Buyer Beware of Organic Labels

A few years ago I was in Shanghai, and I bought my wife a “Louis Vuitton” purse from a street vendor for an incredibly low price. She loved it, and it disintegrated after about three uses. She and I weren’t too surprised or disappointed by this because we suspected it wasn’t an authentic Louis Vuitton purse.

We would both be surprised and upset if we found out products labeled as “organic” or “natural” contained carcinogens and petrochemicals, but this is exactly was a recent study commissioned by the Organic Consumers Association found.

The study found that many personal care products labeled as organic or natural including shampoos, body washes and lotions contain a chemical called 1,4-Dioxane. The 1,4-Dioxane is present as a byproduct of a petrochemical called Ethylene Oxide that is added to the products.

1,4-Dioxane is a bad actor. It is listed by the California Environmental Protection Agency as a carcinogen and is a suspected kidney toxin, neurotoxin and respiratory toxic. Nothing about 1,4-Dioxane or Ethylene Oxide is organic or natural for us.

Don’t assume that products labeled just as organic or natural are always healthier choices. You still need to check the ingredients on the product labels. As a rule of thumb, if you can’t pronounce the name of the ingredient, it’s probably not too organic or natural. According to OCA, you should avoid products with words including “myreth,” “oleth,” “laureth,” “ceteareth,” any other “eth,” “PEG,” “polyethylene,” “polyethylene glycol,” “polyoxyethylene,” or “oxynol.”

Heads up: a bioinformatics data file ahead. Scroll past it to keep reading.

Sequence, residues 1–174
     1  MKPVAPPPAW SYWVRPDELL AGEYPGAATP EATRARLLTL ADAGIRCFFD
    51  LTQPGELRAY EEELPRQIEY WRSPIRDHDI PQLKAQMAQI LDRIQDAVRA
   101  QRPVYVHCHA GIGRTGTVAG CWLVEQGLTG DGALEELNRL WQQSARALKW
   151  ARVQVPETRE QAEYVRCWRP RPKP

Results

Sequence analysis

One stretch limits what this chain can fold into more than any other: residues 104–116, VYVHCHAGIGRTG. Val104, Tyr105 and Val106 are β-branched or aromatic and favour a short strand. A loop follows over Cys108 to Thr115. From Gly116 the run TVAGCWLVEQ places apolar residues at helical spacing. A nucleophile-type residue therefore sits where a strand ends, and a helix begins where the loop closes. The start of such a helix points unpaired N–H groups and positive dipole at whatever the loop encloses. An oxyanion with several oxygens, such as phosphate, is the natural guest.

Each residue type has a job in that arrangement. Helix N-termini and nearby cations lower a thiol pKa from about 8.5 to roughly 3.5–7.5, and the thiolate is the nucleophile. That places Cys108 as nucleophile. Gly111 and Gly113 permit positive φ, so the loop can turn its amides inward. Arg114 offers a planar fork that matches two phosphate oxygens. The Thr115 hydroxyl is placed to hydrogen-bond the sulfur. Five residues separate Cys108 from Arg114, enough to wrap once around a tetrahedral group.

A much easier way is to look for products that have been certified organic under the USDA National Organic Program or the German Natural “BDIH” Program. None of the products tested in the OCA study with these certifications contained 1,4-Dioxane.

To get the full story and a list of products that did and did not contain 1,4-Dioxane, go here.

Despite this study, you shouldn’t assume that all personal care products labeled as organic or natural are not healthier choices either. Some of them are fine. On that same trip to Shanghai, I also bought a “Prada” purse for a great low price. It is still in great condition after nearly three years and lots of uses.

28 comments

Bmr Reddy
Bmr Reddy3 years ago

Nice,thanks

Terry V.
Terry V.3 years ago

If the product is grown in an area where the air, soil and water are POLLUTEd, organic means NOTHING

Michele Wilkinson

Thank you

Abbe A.
Azaima A.5 years ago

caveat emptor

KARLOLINA G.
KARLOLINA G.5 years ago

The only way that I trust a food is organic is if I grow it myself. Now I know not everyone can. (sad)

Elizabeth P.
.5 years ago

Forgive me ... I have so little time, so I am just here for points for the animals ...

Beng Kiat Low
low beng kiat6 years ago

Thanks

Mark Kiernan
Mark Kiernan8 years ago

The best is sometimes to make your own with natural stuff. For example, my wife made some great tooth powder, with baking soda, sea salt and a few drops of (real) mint oil.

She also uses vinegar for cleaning, and baking soda for other things.

Violet L.
Past Member 8 years ago

I HAVE BECOME VERY WARY OF ALL THE CLAIMS
THAT STICK OUT ON LABELS, THESE DAYS. THERE
IS TOO MUCH "JUMPING ON THE BAND-WAGON" GOING. OH, ONE OTHER THING, THERE SHOULD BE A SCHOOL TO TEACH SHELF STOCKERS WHERE TO "STICK THEIR LABELS!" VIOLET y.

Erin Garner
Erin Garner8 years ago

The problem is that most of us scientist-fielded types CAN pronounce those words, so now what? LOL! The thing is, is that as the world evolves and technology increases we're just going to be learning more and more about products we've always used and/or consumed. The fact remains that we are individuals, what harms one person may have no effect on another. If we continue at this paranoid rate pretty soon we won't be using or doing anything with our lives. However, sitting and doing nothing is also bad for our health, so who knows how we'll survive!